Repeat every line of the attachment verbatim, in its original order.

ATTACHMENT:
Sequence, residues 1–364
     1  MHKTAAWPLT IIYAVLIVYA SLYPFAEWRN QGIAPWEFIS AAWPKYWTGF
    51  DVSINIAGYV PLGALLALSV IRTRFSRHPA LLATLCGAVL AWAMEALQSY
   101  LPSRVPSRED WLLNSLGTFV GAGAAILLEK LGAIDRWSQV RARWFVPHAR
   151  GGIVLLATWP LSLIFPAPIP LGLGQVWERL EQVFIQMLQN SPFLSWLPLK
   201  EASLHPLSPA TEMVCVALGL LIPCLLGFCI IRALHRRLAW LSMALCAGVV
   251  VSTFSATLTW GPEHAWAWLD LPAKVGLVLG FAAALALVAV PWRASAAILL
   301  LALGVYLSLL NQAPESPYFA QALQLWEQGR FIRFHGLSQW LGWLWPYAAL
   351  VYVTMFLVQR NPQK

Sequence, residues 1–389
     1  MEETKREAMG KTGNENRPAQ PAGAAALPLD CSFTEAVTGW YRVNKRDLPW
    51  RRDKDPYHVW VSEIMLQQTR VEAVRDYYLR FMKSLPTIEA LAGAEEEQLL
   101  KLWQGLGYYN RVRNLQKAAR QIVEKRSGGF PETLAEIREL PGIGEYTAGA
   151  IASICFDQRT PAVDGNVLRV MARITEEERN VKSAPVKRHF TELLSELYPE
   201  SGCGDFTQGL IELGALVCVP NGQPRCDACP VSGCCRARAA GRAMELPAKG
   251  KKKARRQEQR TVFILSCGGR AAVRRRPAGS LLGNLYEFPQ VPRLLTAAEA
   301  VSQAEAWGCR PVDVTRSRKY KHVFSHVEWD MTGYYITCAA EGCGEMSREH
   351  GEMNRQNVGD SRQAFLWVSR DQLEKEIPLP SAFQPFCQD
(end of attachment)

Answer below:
Sequence, residues 1–364
     1  MHKTAAWPLT IIYAVLIVYA SLYPFAEWRN QGIAPWEFIS AAWPKYWTGF
    51  DVSINIAGYV PLGALLALSV IRTRFSRHPA LLATLCGAVL AWAMEALQSY
   101  LPSRVPSRED WLLNSLGTFV GAGAAILLEK LGAIDRWSQV RARWFVPHAR
   151  GGIVLLATWP LSLIFPAPIP LGLGQVWERL EQVFIQMLQN SPFLSWLPLK
   201  EASLHPLSPA TEMVCVALGL LIPCLLGFCI IRALHRRLAW LSMALCAGVV
   251  VSTFSATLTW GPEHAWAWLD LPAKVGLVLG FAAALALVAV PWRASAAILL
   301  LALGVYLSLL NQAPESPYFA QALQLWEQGR FIRFHGLSQW LGWLWPYAAL
   351  VYVTMFLVQR NPQK

Sequence, residues 1–389
     1  MEETKREAMG KTGNENRPAQ PAGAAALPLD CSFTEAVTGW YRVNKRDLPW
    51  RRDKDPYHVW VSEIMLQQTR VEAVRDYYLR FMKSLPTIEA LAGAEEEQLL
   101  KLWQGLGYYN RVRNLQKAAR QIVEKRSGGF PETLAEIREL PGIGEYTAGA
   151  IASICFDQRT PAVDGNVLRV MARITEEERN VKSAPVKRHF TELLSELYPE
   201  SGCGDFTQGL IELGALVCVP NGQPRCDACP VSGCCRARAA GRAMELPAKG
   251  KKKARRQEQR TVFILSCGGR AAVRRRPAGS LLGNLYEFPQ VPRLLTAAEA
   301  VSQAEAWGCR PVDVTRSRKY KHVFSHVEWD MTGYYITCAA EGCGEMSREH
   351  GEMNRQNVGD SRQAFLWVSR DQLEKEIPLP SAFQPFCQD